The Barry Sheene feature race for 500cc classic machines was held over six laps, and it was visiting Kiwi Chris Swallow on his Norton ES2 who set a new lap record (1:49.79) and took victory. Second was Graham Roberts and third Keith Campbell, both riding Hondas.
Some of the closest racing was seen in the P4 350-500/P5 350-500 races on Saturday afternoon, as Glen Hindle (Maxton 350) and Glen Kelleher (Yamaha 350) battled at the front of the pack. Unfortunately, Kelleher couldn’t keep the challenge up over the weekend, so outright and P4 350 went to Hindle. Lech Budniak just won P5 350 on a count-back, tied on points with Michael Hockley, both on Yamahas. Mitchell Mulligan took his Ducati to the P5 500 win with maximum points, and Bob Marriner won P4 500 on his immaculate CB500/4.
The newest bikes out on circuit were the Period 6 and Pre-Modern machines, run in combined races.
The P6 250-750cc/P.M. Formula 3 winners were Alan Johnston (Yamaha TZ250), Peter Fryer (Yamaha FZR400) – who also snared two heat wins, Craig Stuart (Yamaha FZ750) and Troy Loveday (Honda CBR400). While the larger capacity machines were lead around all weekend by Scott Campbell on a Honda R45, the class winners were Steven Green (Kawasaki ZX6R) and Nigel Taylor (Yamaha FZR1000).
P6 125cc machines lined up against the P3 500 and Unlimited bikes, they had very similar lap times, although achieved that speed in slightly different ways. David Woolsey took his Triton to P3 Unlimited honours, Chris Swallow P3 500 and Jason Dunn a maximum haul in P6 125.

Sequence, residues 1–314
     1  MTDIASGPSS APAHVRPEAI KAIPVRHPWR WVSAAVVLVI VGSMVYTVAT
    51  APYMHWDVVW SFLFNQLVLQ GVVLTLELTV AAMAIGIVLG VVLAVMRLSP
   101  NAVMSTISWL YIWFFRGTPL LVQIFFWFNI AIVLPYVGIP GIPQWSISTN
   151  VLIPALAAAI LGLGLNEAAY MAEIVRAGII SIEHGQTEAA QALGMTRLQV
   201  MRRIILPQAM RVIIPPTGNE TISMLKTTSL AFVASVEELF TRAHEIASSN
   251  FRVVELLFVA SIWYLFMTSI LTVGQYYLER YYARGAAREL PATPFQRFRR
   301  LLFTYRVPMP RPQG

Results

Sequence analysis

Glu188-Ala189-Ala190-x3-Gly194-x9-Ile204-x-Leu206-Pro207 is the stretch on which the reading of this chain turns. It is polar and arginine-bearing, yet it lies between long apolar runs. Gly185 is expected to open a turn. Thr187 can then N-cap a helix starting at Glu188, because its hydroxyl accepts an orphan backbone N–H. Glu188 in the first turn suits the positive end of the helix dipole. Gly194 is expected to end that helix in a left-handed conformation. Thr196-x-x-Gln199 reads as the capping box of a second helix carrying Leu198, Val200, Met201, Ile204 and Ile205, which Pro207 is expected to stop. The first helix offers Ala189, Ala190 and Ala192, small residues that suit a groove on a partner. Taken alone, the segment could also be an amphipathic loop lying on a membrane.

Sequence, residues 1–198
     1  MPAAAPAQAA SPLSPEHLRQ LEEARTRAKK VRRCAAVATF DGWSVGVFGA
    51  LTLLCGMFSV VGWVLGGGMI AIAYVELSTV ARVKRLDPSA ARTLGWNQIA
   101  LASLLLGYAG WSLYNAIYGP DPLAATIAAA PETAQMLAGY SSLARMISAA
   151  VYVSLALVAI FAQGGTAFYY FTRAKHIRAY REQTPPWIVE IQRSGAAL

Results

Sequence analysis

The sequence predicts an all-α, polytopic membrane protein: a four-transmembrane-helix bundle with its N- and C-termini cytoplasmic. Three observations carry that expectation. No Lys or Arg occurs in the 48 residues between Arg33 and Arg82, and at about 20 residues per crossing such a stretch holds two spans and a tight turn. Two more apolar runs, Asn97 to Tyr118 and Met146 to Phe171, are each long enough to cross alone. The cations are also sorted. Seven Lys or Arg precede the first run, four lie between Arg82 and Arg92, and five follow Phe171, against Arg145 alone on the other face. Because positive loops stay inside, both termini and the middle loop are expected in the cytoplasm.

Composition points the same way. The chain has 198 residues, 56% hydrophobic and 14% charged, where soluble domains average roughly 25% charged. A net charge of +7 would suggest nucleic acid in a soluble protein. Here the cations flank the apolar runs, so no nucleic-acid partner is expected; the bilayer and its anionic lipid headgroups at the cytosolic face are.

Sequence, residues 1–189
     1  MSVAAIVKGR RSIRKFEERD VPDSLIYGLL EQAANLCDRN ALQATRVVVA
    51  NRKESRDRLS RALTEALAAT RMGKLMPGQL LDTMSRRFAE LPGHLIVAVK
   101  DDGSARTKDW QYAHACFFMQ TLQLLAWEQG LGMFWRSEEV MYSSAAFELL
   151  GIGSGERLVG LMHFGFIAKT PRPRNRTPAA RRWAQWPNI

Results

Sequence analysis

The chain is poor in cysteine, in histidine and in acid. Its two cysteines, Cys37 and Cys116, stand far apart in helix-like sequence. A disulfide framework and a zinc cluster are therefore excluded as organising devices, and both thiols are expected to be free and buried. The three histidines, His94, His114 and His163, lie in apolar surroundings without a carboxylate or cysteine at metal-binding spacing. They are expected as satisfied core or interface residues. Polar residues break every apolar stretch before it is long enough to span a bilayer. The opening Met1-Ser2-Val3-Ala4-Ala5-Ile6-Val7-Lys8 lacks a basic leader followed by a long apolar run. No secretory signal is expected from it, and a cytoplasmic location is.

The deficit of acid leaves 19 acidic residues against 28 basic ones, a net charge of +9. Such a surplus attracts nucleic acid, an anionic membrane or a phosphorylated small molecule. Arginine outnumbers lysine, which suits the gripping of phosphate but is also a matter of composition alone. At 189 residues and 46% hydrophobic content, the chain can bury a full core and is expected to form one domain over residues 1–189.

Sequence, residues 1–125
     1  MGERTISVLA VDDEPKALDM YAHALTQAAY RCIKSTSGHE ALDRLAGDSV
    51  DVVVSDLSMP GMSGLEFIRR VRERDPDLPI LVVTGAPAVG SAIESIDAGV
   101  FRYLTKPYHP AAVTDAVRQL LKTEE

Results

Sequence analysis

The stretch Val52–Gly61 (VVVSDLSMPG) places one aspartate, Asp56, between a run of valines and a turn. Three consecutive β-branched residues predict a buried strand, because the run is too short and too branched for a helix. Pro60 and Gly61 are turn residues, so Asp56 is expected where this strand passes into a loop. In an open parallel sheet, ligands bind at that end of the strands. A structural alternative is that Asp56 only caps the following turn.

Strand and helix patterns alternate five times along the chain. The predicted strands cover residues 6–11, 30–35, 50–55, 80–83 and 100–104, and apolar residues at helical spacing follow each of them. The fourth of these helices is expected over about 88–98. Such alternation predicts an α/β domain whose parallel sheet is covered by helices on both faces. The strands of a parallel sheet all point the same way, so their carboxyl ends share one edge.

At the other end of the scale was the P3 250-350/P4 125-250/P5 125-250 race, with dozens of small two strokes filling the grid. Lindsay McKay was the class of the field all weekend on his P4 Yamaha 250, while Phil Paton (Bultaco) gave him a run for his money outright, and won P3 350, and another Bultaco rider John Imrie won P3 250. Brian McGrath (Yamaha 125) was unchallenged in P4 125, and while Stephen Kairl has more opposition in P5 125 the result was the same, maximum points on his Honda, and Lech Budniak won P5 250 on his Yamaha.
The sidecars competed not only in regular sprint races, but also raced for the combined sole and sidecar Trans-Tasman Challenge. After a Kiwi win last year (by a single point!) the Aussies were fired up and responded this year with a hard fought, but close win. The fastest outfit during the team event was the Scrivener/Bryan combination, ahead of Pym/Johnston and Brown/Bonney.
In the modern Formula 1 sidecar sprint races, which formed round one of the 2012 Australian Sidecar Championship, the Soutar/Rowe combination won two-from-two, and now leads the championship, ahead of Pym/Johnston and Brown/Bonney.
The F2 sidecars took to the track with the Historic sidecars and had some epic battles. The Chivas/McKinnon 750cc two stroke outfit was the quickest out there, and won P5. Alton/Patterson doubled up over the weekend, racing a F1 and F2 sidecar, they had more success in the smaller machine, winning all four heats on the 600. Gay/Butler won P4 and Rees/Rose won P3.
The Trans-Tasman Challenge saw Australia win the Cup back from across the ditch with 202 points to the Kiwis 195.
Overall is was another successful celebration of Historic motorcycling, organised and run by the Post Classic Racing Assn of NSW. All those involved over the weekend, and over the course of the last 12 months making this meeting what it is are volunteers, and they did a sterling job. The next major Historic activity is the Broadford Bike Bonanza held over the Easter Weekend in Melbourne.